If you want to find out how to see live tango in Buenos Aires, take note!

Argentina is the tango capital of the world. Created in Buenos Aires in the 1800s by poor immigrants, Argentine tango is one of the most sultry, seductive and mesmorizing dances around. If you have the pleasure of visiting this amazing country, do not miss your chance to witness the passion and strength displayed in a live tango performance, which truly encapsulates the spirit of Argentina.

How to See Live Tango in Buenos Aires, Argentina: Instructions

Step 1: Professional Tango Show & Dinner

Enjoy dinner and a professional tango show at the many dinner theaters Buenos Aires has to offer. Esquina Carlos Gardel, La Ventana, Taconeando, El Querandí, Señor Tango, Michelangelo, Complejo Tango, and Che Tango are some of the city’s most popular tango show theaters. Come hungry and ready to be amazed by the fancy footwork displayed by these tango pros.

Step 2: Professional Tango Show

If you have already eaten, but are craving some tango for dessert–fear not. There are many tango shows in Buenos Aires that focus strictly on the dance. These are usually more low-key and less touristy. Check out Recoleta Tango, Café Tortoni, and the Teatro Colón.

Step 3: Visit a Local Bar

Take a giant leap off the tourist path, and head to a local bar or a milonga, to observe tango performed by local residents, called Porteños. These dancers are not professionals, but they all share a passion for the dance of their country, and certainly put on quite a show. After a few Quilmes (Argentina’s famous beer), you just may feel like joining in. Salon Canning, Bar Celta, Milongueando, Confitería Ideal, Bella Vista Tango Club, La Viruta, Soho Tango, Mundo Tango, and Porteño y Bailarín are just some of the many milongas in Buenos Aires.

Step 4: Tango on the Streets

One of the best places to see live tango is on the streets of the city itself. Flock to a crowded, tourist-laced area for a chance to see a free performance right on the street amidst the chaos of the city. With their own music in tow, these street dancers are more often than not extremely talented and are well-deserving of a peso or dos.

Step 5: Visit San Telmo

Head to the San Telmo market, which occurs every Sunday, to witness some of tango’s finest amateur talent. In addition to the rare antiques and beautiful hand-made goods you will find at the market, it is also a great place to catch live tango right on the closed-down cobble stoned streets leading up to the market tents.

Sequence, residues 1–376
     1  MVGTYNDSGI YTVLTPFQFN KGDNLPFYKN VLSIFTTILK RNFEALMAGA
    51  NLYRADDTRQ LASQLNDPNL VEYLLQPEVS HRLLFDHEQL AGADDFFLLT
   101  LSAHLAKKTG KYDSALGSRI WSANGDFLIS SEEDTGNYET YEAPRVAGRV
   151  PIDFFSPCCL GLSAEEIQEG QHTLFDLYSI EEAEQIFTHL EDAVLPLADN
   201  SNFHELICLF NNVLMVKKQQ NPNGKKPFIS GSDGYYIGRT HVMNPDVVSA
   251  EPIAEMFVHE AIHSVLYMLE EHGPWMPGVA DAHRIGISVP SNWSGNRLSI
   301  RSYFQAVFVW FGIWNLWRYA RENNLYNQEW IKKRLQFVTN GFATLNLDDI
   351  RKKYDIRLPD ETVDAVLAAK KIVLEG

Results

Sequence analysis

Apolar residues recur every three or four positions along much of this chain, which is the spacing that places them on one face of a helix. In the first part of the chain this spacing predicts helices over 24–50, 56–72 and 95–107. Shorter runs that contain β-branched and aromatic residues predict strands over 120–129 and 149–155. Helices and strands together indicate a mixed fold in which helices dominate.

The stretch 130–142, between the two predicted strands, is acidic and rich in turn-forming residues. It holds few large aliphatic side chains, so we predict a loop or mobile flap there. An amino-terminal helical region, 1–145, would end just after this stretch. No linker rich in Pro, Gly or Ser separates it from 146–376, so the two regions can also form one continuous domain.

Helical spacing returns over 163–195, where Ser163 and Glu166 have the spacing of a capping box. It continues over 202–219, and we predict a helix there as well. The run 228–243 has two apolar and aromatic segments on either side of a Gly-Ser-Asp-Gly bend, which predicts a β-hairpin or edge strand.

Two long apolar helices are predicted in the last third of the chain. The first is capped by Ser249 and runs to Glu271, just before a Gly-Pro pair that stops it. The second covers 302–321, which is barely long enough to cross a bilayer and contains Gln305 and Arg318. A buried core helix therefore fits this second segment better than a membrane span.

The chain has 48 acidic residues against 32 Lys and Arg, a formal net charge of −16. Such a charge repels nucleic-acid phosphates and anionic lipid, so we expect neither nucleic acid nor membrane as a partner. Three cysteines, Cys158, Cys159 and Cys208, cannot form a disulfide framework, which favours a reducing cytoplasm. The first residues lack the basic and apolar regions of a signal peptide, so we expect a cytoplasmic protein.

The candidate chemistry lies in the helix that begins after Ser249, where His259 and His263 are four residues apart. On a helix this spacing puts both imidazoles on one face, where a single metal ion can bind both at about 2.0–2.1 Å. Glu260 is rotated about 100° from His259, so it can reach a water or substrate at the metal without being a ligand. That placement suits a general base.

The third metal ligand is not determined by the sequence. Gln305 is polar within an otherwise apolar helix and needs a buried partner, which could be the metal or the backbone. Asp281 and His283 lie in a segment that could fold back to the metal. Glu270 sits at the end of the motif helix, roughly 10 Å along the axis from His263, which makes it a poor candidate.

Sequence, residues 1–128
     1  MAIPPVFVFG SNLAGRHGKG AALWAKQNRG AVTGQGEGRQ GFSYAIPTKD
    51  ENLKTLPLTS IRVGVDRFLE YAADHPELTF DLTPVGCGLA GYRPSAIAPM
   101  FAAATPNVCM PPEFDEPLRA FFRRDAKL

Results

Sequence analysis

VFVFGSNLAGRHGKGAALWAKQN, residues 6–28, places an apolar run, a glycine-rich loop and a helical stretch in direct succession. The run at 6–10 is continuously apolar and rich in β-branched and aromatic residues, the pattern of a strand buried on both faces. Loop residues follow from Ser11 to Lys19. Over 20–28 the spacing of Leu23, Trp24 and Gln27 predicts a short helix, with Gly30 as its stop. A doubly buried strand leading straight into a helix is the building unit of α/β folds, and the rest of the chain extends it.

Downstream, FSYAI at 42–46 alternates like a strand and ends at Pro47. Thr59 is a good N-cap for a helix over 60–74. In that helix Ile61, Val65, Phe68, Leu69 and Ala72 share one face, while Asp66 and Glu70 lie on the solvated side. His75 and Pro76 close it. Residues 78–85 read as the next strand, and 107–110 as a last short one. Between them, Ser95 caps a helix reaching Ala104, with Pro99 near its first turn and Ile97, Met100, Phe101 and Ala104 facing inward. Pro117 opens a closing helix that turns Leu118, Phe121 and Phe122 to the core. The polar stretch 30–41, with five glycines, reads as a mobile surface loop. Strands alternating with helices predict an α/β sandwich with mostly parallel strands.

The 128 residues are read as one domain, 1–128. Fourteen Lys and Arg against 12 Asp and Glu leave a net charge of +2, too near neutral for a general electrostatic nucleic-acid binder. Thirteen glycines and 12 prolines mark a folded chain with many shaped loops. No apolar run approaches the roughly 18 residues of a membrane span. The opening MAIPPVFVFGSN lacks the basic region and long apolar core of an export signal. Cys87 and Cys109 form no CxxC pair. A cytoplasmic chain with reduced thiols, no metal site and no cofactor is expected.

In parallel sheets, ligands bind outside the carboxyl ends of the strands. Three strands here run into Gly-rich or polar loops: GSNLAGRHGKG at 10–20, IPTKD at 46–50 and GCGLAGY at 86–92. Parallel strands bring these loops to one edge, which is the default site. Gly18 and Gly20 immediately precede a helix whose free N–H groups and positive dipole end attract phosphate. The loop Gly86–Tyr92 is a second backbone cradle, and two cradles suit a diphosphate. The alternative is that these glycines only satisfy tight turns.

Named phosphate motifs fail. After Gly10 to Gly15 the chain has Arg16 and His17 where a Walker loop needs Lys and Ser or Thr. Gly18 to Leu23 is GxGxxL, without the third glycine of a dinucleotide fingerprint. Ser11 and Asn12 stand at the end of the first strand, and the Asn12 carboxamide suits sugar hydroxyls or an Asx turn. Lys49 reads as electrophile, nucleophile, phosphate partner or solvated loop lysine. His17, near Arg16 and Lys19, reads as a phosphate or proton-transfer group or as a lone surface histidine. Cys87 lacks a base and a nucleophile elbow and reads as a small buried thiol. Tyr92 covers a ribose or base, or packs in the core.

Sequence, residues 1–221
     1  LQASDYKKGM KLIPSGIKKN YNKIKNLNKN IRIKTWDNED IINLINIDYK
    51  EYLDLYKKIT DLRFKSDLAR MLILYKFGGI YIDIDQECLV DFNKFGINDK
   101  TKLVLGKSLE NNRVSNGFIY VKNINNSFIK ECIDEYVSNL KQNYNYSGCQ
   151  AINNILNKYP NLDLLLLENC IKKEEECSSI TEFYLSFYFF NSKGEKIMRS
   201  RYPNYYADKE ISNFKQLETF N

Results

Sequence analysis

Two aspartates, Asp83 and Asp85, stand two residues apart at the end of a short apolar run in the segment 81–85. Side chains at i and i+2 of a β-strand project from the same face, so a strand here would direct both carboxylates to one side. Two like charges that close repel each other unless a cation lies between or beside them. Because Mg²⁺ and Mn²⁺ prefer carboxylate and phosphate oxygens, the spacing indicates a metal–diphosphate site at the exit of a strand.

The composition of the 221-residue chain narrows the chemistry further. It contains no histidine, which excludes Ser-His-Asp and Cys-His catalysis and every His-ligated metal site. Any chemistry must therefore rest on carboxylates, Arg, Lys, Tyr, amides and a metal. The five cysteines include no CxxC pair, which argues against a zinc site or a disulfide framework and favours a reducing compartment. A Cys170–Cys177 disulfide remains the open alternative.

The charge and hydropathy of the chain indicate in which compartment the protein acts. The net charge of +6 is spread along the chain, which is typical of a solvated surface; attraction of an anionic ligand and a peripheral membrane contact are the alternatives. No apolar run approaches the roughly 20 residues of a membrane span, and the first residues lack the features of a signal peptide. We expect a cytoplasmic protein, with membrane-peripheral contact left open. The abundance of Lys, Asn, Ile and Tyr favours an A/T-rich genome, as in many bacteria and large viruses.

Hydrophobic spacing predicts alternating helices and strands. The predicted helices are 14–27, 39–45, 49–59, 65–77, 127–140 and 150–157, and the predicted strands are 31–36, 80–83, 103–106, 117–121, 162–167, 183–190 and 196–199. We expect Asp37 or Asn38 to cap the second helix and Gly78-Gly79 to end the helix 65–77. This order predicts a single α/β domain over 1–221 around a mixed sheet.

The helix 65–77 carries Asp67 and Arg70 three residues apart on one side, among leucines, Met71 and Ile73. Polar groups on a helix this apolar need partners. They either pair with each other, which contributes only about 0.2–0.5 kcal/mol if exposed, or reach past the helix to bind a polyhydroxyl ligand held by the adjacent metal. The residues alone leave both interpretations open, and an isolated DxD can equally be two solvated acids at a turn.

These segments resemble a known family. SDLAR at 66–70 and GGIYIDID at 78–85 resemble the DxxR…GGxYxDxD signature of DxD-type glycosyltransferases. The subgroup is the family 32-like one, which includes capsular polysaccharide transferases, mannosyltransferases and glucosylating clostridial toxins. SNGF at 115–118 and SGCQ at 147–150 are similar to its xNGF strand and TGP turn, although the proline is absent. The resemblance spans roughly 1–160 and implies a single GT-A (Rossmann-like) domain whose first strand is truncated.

Step 6: Calle Florida

The crowded pedestrian-only shopping street, la Calle Florida is perfect not only for a great bargain, but for live entertainment in the form of tango as well.

Step 7: La Boca

La Boca, one of the city’s most unique neighborhoods and original immigration port, is the perfect place to experience the real spirit of Argentine tango. Brightly colored buildings, beautiful art, and live music provide the perfect backdrop for an impromptu tango show in Caminito. La Boca is after all, the birthplace of tango.

Source: eHow

Buenos Aires contains a number of museums, galleries, and exhibition halls.

Museums: MALBA: Av. Figueroa Alcorta 3415 (Palermo) A well-known museum of Latin American art. Thu. to Mon. 12-8 pm. Closed on Tuesdays.  Contact: 4808-6500 / Fax: 4808-6598

Malba Museum of Latin American Art

Malba Museum of Latin American Art

Museo Nacional de Bellas Artes: Av. del Libertador 1473 (Palermo) The biggest museum in Buenos Aires. Argentine and international paintings and sculptures are found in this often quiet museum. Tue. to Fri. 12.30-7.30 pm. – Sat. Sun & holidays 9.30am-7.30pm.  Contact: 4803-0802 / Fax: 4803-8817

Casa Museo Carlos Gardel: Jean Jaures 735 (Abasto) The house of the most famous tango singer that ever lived. Carlos Gardel occupied the house with his mother, from 1927 until his death in 1935. Opens: Mon, Wed, Thu, Fri. from 1.00pm to 5.00pm. Contact: 4964-2015

Museo Xul Solar: This is a good small museum constructed in the old house of the painter by the same name. Xul Solar used colorful themes and esoterism along with a variety of weird objects. Laprida 1212. Phone: 4824-3302 Tuesday-Fridays 12-20hs.Fridays 12-19hs.

Museo de Ciencias Naturales Bernardino Rivadavia: Av. Angel Gallardo 470 (Parque Centenario) There you’ll find a huge collection of the natural resourses of Argentina and the Antartic. Mon. to Sat. 2-7 pm. Contact: 4982-5243/5550

Museo de Motivos Argentinos José Hernandez: Av. del Libertador 2373 (Palermo) Full of gauchos artifacts, the history of mate, information about important Argentines from colonial times, and the history of the aborigenies. Wed. to Fri. 1-7 pm. Sat. and Sun. 3-7 pm. Contact: 4802-7294